How to Develop a Sustainable Exercise Habit

I recently had a conversation with a friend and coworker who has an on-again off-again relationship with exercise. My friend is highly-motivated in life in general and understands the value and importance of being active. Why do they struggle to maintain an ongoing habit of regular exercise?

For many years I had an on-again off-again relationship with exercise. However, for the last few years I’ve been very consistent about regularly getting in some kind of exercise.

This observation has caused me to spend some time today reflecting on what it is that changed. How have I managed to exercise consistently for the past few years? As I think about my relationship to exercise today, there are a few pieces to the puzzle that I think have been important in keeping me locked-in and consistent.

I’m going to explain the specific things that have kept me motivated and consistent and then try to draw a generalized principle from the specific things I do. If you, like my friend, find yourself struggling with exercise consistency, maybe you’ll find a key in one of these principles to unlock some exercise consistency in your own life.

A Little Consistency Goes a Long Way

I’m ok with only getting in a 15 minute bodyweight workout and calling that “strength training.” I don’t enjoy strength training very much. I’m a runner and I really enjoy running. Strength training is something I do so I can run and minimize my chances of injury. When it comes to strength training, I don’t put a lot of weight on myself (pun intended).

My philosophy on strength training is that consistently doing some strength training is great. I emphasize consistency. So when it comes to strength training, I give myself a lot of slack on how hard I work out. Working out super hard isn’t the goal. Working out consistently is the goal.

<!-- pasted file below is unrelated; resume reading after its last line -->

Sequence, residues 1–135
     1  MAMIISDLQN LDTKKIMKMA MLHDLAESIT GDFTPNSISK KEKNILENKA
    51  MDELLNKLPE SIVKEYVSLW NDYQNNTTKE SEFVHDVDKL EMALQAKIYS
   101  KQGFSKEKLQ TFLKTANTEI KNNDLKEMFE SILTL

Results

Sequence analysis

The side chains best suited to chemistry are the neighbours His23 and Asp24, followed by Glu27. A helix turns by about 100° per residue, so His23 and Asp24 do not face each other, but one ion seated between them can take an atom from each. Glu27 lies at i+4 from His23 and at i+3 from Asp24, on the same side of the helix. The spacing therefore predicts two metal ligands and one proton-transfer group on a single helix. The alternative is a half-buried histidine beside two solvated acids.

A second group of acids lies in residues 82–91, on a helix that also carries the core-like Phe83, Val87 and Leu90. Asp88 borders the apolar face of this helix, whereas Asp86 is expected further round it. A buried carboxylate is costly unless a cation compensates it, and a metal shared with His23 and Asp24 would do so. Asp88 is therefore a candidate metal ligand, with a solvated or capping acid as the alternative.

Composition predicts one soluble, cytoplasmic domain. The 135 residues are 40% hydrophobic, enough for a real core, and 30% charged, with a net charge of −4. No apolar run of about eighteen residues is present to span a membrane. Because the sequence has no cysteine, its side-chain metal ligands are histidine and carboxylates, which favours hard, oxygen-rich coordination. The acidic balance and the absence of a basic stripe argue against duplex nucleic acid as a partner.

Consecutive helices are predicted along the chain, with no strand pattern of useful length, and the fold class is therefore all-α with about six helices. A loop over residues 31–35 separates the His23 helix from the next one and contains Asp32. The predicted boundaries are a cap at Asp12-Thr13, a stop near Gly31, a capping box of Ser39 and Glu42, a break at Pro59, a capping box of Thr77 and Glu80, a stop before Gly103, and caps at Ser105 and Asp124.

To get practical for a minute, this means that if I do a 15-minute bodyweight workout four days in a week, I’m satisfied. Push, pull, core, and legs, 15 minutes each, hit each at least once per week, and I’m patting myself on the back.

Now, there are times when I do feel like going hard (usually after watching some ridiculous handstand calisthenics reel on Instagram), and when I feel that way, I do work out hard. However, those days don’t come very often, so most days I do a quick 15-20 minute workout.

The same principle applies to running. Most of the time, my runs are pretty easy. I do push when I’m feeling up to it both physically and mentally, but most of my efforts are at a 4 to 6 out of 10 in terms of effort.

A little consistency applied over a number of years will win out over an intense program I can’t sustain over time.

Keep it Fun

I really like running in races. They’re a blast. I generally keep anywhere from one to four races on the schedule out in front of me.

I’m not competitive at most of the races I run. I don’t run to win, I run because I genuinely enjoy these races, and having these races on my calendar gives me something to anchor the rest of my training around.